I’ve thought a lot about home.
Our family moved after living in the same house in Kentucky for 17 years. As of this week, my parents have been moved into the new house in Indiana for a full year. It’s been a year since showing the old house, making trips all summer to the storage unit, and opening the wrong drawers all the time in the new kitchen.
I noticed the other day that I’ve added a ton of keys to what began as just a car key fob. It’s happened over time, but several have joined the key ring recently.
I’ve never been good with keys. I practice when given the responsibility of locking up. I put the key in, turn it one way, then the other, and back again, listening for the right clicks and weight in my hands. It takes me at least a year to gain muscle memory of a particular key in my hand and its required turns.
I’ve had keys to mailboxes, apartments, workplaces, and storage units, as well as offices and conference rooms. And then there was the key to my Chamonix apartment that I struggled with every time I came through the door.
But I never had a key to my home in Kentucky.
We didn’t leave the door open at our old house; I just always went in through the garage. There’s a formality to front doors. They require permission. They reveal only the knick-knacks we arrange as first impressions but that more often become dust-gatherers. Front doors announce arrival with doorbells and knocks.
Our closest friends always popped through the kitchen door unannounced because they knew the garage code. They came into our home at the place of progress—where dinner was still coming together, where half-empty chip bags lay waiting to refill serving bowls. One weekend during college, I surprised my mom by coming home for a couple days. I came in through the kitchen like any other day when I lived there full-time. That was the best part of the surprise—I announced myself from the kitchen. Like always.
I’ve spent this year trying to figure out why the move was painful. After 17 years, it was natural to have to adjust considerably to a move. But I wanted to know what I had lost, why I had to process the move so deeply when I hadn’t lived in Kentucky full-time for six years. I’m piecing it together and learning to pay attention when I notice things (like my keys).
What I know, albeit in part, is this: I lost a place where I could go in through the garage.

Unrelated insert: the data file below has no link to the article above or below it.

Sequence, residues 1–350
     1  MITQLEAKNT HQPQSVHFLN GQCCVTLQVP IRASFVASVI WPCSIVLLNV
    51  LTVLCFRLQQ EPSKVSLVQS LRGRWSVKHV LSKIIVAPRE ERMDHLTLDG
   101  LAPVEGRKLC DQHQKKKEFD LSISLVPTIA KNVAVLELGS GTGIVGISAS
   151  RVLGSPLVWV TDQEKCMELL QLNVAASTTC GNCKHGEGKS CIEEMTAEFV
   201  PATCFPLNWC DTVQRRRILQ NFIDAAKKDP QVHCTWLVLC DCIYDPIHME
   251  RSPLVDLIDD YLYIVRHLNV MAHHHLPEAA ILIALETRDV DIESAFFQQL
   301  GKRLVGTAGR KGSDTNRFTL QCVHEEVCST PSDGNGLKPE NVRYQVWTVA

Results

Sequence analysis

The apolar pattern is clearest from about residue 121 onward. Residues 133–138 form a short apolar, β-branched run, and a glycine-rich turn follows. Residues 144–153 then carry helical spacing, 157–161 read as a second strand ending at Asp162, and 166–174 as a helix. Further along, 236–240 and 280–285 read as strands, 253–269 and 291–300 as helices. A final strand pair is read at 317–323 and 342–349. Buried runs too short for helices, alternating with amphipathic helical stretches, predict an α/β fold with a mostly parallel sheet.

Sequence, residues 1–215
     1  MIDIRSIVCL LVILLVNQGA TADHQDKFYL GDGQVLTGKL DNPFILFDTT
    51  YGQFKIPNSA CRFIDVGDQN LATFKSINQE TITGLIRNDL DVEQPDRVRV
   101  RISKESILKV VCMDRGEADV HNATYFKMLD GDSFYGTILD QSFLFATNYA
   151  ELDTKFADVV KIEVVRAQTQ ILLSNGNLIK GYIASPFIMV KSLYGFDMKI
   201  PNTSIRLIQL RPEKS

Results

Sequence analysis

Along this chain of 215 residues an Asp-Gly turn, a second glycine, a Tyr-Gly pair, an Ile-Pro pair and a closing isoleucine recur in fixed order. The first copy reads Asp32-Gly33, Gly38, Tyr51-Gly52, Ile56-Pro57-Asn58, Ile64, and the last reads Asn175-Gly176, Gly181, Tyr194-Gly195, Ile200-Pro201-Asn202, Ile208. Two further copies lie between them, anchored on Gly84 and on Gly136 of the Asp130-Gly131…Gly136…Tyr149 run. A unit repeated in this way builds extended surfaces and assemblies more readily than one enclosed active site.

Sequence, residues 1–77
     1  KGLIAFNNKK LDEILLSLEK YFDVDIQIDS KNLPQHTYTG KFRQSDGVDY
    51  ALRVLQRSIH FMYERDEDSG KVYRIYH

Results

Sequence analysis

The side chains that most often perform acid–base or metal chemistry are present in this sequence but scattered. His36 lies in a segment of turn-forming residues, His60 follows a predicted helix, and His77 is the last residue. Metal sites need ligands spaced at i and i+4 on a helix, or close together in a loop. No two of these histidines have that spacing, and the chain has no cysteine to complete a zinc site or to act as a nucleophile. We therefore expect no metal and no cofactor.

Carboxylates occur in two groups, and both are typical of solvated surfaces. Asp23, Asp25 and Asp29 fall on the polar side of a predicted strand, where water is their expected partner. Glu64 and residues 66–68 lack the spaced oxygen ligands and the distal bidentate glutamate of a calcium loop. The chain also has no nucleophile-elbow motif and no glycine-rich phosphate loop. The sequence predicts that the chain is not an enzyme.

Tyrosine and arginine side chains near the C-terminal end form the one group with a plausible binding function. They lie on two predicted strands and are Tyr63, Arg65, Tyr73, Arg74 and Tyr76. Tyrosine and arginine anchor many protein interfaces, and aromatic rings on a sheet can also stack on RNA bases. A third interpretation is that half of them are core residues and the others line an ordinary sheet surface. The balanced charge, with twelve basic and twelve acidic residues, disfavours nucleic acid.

This is not to say that I don’t feel comfortable in my other homes. I have lived in my Nashville apartment for three years, and I will be sad to leave it one day. It has been a place of refuge during some particularly rough moments. And I love our Indiana home—it’s different but lovely, and all our belongings make it familiar. It looks spectacular at Christmas, and I love its high ceilings and the basement where we watch basketball games together. But even though my Nashville space is all my own and I do know the garage code to the Indiana house, neither are like coming in through the garage in the Kentucky home.
Now, without that home, the keys accumulate. I have several homes, several places I am responsible for. My need for home is divided among many doors instead of being filled by one.
I trust that eventually another home will become what my Kentucky home was. It wasn’t like that immediately, of course; 17 years in the same house meant that our very souls were embedded in those walls by the time we left it. The good thing is that our souls and their capacities to settle in are deep. We have a lot of love to give. We are capable of piecing together, of adapting, of relearning how to fill a need.
Maybe my struggle with learning keys means we’re made to come in through the garage—for that kind of home. Maybe those homes for which we don’t have keys give us glimpses of what home really feels like, what it really can be.
Learning how different keys feel in my hands shows me, over and over, what a gift that home in Kentucky was. It has taken a lot of turns of the key in the lock in Nashville to figure out that gift—how to love it, how to leave it, how to be thankful. But it’s the same every day, and every day, it’s a new chance to know home better.